Thursday, August 21, 2014

HSPs and Finding Meaning

Always feeling can become a bad habit. Swimming in the sea of sensations, caught up in the rip-tide of emotions, it's easy to lose sight of the reality of a shore, a solid ground that can hold us just as well as the never-ending ocean. 

Looking back, there was a time in my life when I was practical, aware of what was happening around me, aware of how the people around affected me. 

Then, there were also the many years when I felt as if I was thrashing around in the water, getting swept up by feelings, out of control, reacting. 

Now, I think that over-identifying with any part of us unbalances us. Emotions are very important, but if we don't think and make sense of them, they can carry us like the wind. 

On the other hand, if we run away into our minds, cutting off from any feeling, we are subject to a never-ending churning of the same thoughts over and over again or we get addicted to fantasies. 

Maybe one way to think of ourselves could be as amphibians. 

Being an HSP doesn't mean that we always have to swim in the sea of emotions. How can we be of any use if all we are doing is always feeling? Shifting to thinking gives us objectivity and the practicality to see what will help us and what won't. 

Lately, I have been thinking about how to stay with polarities, how to explore them both, instead of swinging from one extreme to the other. There are advantages to left-brained planning, just as there are advantages to right-brained creating. 

There are times when I need to think to support myself and move forward. There are times when my thinking is clouded because I don't let myself feel the real feeling underneath. Is it anger that I am feeling, or sadness? What information does that give me?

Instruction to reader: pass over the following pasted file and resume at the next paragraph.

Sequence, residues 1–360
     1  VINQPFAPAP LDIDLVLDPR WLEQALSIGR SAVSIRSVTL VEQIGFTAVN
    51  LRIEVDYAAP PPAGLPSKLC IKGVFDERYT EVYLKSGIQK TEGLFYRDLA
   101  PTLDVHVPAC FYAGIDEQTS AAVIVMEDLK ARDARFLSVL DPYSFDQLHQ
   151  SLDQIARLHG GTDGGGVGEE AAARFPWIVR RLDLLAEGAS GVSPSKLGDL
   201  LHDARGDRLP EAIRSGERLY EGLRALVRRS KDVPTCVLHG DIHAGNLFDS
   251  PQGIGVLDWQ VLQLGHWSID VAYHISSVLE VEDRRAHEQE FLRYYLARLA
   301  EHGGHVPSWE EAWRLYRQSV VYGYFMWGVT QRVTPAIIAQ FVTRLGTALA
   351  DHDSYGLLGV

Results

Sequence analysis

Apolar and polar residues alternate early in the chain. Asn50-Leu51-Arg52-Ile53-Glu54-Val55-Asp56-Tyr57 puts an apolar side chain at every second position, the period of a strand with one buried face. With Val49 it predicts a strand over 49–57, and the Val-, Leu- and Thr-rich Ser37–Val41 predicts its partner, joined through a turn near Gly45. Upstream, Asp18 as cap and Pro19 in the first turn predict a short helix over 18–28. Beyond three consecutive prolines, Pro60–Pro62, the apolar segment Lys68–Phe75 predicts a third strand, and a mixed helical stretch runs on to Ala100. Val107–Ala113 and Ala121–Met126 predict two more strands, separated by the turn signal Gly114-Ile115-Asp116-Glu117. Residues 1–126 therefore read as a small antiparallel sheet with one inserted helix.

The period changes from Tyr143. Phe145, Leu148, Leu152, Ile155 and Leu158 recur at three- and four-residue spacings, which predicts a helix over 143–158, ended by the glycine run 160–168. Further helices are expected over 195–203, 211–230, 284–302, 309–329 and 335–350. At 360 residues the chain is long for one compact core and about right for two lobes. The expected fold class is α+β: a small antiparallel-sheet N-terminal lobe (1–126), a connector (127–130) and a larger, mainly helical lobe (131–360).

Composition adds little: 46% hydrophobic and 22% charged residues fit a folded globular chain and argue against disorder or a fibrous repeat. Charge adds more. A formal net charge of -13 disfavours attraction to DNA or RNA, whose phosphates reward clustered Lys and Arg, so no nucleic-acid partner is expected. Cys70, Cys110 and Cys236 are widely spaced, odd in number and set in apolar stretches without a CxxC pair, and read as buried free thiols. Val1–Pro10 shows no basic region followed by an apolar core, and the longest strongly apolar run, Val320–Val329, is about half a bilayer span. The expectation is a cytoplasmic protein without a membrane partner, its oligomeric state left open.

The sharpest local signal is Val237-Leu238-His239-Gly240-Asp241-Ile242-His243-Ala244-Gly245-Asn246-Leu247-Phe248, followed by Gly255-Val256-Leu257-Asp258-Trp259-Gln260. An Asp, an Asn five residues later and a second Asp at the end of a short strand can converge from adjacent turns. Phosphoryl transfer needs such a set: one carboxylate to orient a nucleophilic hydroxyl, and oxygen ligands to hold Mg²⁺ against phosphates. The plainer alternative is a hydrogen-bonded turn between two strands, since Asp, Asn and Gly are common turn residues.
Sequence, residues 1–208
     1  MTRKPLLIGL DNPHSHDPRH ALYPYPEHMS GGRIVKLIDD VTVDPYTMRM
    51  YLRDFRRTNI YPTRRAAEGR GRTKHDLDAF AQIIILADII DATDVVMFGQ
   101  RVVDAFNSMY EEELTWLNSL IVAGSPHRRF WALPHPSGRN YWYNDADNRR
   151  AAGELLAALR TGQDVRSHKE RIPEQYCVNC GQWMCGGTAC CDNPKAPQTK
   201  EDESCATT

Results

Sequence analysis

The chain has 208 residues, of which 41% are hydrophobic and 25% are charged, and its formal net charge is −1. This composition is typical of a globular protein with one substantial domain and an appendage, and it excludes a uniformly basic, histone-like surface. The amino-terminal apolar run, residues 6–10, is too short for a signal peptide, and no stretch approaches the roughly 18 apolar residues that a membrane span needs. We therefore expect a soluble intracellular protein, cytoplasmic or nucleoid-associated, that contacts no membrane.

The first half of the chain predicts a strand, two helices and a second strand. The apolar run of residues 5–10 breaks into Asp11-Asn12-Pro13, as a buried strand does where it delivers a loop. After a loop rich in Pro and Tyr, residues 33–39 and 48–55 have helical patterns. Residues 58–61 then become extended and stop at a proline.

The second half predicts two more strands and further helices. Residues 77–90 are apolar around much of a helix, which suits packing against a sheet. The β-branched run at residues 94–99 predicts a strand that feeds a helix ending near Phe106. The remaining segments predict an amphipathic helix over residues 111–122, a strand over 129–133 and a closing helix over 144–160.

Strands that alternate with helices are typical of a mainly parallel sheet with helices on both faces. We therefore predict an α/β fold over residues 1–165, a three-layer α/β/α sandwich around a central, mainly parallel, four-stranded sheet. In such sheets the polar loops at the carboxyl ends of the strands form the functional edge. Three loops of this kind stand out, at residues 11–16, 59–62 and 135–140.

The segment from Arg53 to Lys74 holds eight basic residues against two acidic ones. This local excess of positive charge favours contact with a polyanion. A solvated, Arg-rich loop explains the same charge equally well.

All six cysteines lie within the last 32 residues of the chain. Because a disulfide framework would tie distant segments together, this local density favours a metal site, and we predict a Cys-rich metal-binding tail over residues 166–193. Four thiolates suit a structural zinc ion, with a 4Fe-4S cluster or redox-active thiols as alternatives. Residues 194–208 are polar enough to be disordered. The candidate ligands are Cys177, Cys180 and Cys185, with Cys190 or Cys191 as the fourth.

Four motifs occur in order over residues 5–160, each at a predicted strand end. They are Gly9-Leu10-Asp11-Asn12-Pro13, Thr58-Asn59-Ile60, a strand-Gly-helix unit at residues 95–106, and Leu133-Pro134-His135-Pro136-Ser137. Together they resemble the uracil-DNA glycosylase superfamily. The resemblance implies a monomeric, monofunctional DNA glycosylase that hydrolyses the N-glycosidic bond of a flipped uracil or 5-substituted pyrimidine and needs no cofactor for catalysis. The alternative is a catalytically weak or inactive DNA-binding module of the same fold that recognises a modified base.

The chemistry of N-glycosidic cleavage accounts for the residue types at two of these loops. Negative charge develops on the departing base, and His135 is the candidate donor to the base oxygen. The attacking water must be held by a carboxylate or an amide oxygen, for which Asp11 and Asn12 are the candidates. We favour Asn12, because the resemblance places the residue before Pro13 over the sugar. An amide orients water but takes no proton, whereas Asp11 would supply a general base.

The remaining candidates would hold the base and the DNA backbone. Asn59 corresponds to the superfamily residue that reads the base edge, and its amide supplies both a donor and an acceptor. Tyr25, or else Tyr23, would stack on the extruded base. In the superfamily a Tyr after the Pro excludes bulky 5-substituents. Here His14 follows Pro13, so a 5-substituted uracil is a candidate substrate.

And then there is my body, the most neglected of my three parts. 

As HSPs, sometimes, we can pride ourselves on being above the mundane, almost turning our identities towards our minds or our emotions. We neglect the sense of homecoming that our bodies can give us. 

It is in our bodies that our emotions and our minds live and inter-penetrate. 

When I think now about making meaning of my life, I think of summoning up all my resources and accessing all the parts that had gotten submerged in over-feeling. There is a part that can strategize. There is a part that can be logical. There is a part that is self-protective. 

When I can balance all these parts, use all these parts, I can make something cohesive. Otherwise, I am left scattered, pointless. 

Have you confined yourself to a narrow definition of who you are? Have you boxed yourself in one aspect? Maybe, like me, you would like to let that over-simplification go, and start using your thinking, objective, planning side. 

To me, it feels like a life of meaning is on the other side of this divide - of mind and body, of thinking and emotion, of being and doing. And the task for us all is to keep experimenting, to keep correcting our course till little by little that life emerges and we broaden our own capacity for receiving.      

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